As more and more Lebanese made their way to Vicksburg, the group decided a larger space was needed and bought an old Methodist church. From there, they built the current building south of downtown on the city’s main street, Washington Street, overlooking the Mississippi River.

When they weren’t in church, members of the group were hard at work.

“Just about every one of them was a merchant,” Do Nosser said, adding that her family had a dry goods store on Washington Street to sell to travelers who came on boats along the river. “It seemed like just about all the stores in town were Lebanese; I don’t know how they did it. They got nothing from nobody, and they worked their hearts out to get where they were. That church held them together.”

The story was similar throughout the Mississippi Delta, where Lebanese immigrants made a living by peddling dry goods via horse and buggy.

Jimmy Thomas, associate director of the Center for the Study of Southern Culture at Ole Miss, said many Lebanese who immigrated to the South came through the Port of New Orleans and traveled up the Mississippi River.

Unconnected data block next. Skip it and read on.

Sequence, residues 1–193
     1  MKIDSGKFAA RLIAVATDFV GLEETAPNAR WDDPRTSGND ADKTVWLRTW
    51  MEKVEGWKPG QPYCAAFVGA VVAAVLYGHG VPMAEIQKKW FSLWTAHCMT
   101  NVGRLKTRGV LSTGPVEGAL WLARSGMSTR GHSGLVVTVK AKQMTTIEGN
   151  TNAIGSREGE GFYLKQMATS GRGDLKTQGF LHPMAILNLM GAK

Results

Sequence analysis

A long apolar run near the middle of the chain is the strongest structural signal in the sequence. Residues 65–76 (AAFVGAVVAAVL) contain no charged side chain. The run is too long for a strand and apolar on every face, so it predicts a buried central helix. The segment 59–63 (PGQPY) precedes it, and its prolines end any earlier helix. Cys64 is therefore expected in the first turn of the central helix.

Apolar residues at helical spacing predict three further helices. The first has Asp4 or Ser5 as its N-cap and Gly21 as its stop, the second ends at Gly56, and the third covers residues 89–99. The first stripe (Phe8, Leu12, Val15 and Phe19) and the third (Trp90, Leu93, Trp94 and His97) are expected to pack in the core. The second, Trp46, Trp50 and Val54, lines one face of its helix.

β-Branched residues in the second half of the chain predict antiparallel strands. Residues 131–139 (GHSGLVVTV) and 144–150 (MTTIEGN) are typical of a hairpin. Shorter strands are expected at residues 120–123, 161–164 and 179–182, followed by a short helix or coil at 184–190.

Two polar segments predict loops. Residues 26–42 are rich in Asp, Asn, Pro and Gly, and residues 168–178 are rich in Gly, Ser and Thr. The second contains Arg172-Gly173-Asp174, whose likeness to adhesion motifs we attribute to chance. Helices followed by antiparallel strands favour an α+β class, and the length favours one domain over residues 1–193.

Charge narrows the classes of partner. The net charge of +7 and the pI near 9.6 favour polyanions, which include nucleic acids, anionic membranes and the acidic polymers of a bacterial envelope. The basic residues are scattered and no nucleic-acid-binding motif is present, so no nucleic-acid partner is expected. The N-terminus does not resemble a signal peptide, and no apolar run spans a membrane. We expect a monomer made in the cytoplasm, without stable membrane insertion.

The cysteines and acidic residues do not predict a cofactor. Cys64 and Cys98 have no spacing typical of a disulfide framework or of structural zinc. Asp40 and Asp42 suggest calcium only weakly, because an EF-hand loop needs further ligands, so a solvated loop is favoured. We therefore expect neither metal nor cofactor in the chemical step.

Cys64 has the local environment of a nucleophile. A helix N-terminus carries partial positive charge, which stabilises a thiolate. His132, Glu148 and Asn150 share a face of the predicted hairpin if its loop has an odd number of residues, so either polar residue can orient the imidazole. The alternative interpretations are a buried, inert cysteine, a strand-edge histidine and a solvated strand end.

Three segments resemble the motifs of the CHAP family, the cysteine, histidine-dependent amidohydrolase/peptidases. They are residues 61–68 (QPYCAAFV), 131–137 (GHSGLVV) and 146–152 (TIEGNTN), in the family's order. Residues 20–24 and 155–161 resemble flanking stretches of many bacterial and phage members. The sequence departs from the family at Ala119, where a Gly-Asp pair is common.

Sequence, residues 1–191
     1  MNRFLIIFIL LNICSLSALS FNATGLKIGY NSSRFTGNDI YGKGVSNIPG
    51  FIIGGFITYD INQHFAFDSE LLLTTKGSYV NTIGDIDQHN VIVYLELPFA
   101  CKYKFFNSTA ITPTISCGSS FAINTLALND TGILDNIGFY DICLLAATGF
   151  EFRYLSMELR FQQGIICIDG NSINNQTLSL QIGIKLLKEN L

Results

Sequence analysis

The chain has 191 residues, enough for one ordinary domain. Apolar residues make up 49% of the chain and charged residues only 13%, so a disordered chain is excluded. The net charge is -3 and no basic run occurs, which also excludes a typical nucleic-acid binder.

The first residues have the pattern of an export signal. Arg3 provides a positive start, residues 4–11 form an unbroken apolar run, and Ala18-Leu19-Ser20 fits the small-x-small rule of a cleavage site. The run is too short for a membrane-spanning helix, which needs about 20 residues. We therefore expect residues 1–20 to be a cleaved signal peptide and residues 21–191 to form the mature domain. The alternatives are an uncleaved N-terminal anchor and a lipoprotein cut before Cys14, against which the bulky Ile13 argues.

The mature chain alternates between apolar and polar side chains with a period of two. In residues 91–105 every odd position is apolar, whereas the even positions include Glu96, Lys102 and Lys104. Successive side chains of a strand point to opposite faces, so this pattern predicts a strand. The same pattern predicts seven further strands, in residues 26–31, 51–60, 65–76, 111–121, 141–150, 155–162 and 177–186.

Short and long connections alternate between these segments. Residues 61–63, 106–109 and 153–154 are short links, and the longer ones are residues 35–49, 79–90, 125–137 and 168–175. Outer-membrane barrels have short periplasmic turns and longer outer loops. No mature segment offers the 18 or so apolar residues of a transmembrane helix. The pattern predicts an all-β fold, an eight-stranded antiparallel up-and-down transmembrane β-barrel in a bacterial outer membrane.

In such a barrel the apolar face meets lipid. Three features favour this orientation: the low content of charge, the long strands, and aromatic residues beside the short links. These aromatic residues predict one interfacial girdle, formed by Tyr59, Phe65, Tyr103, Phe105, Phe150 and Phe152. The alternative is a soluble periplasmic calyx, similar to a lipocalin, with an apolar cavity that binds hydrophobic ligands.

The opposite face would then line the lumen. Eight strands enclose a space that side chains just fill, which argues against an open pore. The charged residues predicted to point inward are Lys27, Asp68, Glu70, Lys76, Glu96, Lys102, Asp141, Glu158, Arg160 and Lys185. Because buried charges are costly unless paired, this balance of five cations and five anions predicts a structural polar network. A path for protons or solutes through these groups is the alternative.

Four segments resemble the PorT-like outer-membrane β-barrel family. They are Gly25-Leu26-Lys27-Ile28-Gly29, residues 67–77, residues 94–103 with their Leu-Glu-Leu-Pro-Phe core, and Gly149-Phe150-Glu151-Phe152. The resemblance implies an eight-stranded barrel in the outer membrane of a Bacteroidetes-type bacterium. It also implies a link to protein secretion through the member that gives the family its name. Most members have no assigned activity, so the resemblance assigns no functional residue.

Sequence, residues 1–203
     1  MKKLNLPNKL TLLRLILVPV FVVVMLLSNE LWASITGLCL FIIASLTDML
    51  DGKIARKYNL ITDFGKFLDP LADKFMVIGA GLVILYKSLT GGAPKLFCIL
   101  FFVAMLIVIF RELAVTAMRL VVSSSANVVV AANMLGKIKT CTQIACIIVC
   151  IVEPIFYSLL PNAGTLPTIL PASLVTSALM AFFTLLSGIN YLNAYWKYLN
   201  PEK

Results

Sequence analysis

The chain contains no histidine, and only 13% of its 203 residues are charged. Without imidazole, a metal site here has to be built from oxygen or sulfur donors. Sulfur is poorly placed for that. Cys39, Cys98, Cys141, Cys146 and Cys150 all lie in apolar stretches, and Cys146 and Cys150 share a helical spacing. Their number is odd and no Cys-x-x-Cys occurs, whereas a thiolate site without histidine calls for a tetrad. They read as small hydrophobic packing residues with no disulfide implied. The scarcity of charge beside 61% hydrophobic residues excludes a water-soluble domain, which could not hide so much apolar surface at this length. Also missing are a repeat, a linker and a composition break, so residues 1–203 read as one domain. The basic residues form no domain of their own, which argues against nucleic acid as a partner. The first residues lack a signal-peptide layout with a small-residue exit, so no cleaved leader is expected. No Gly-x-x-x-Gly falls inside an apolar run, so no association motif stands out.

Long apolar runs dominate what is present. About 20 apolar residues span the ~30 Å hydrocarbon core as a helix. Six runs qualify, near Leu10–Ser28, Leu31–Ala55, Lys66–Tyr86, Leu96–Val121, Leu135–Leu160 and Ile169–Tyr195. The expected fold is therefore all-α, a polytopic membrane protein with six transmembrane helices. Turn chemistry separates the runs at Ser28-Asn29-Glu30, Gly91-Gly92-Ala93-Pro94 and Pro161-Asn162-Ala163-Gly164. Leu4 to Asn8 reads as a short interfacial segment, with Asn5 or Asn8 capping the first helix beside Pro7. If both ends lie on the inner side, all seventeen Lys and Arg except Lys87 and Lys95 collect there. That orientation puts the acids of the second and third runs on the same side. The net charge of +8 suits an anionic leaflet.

“They were peddlers who would carry products from town to town,” Thomas said. “There were so many farming communities throughout the Mississippi Delta, a lot of those farmers preferred to buy from peddlers instead of traveling into town since they worked on farms.”

In Clarksdale, which was known to some at one point as “Little Lebanon,” Pat Davis Jr.,  still runs the business his grandfather opened in 1924.

“My grandfather, Abe Davis, was 14 when he came over to Ellis Island and ended up in Clarksdale,” Davis said, adding that he brought two younger siblings with him to America, but no adults. “He peddled to people for a living and did that until he was about 18 or 20 before he opened a restaurant.”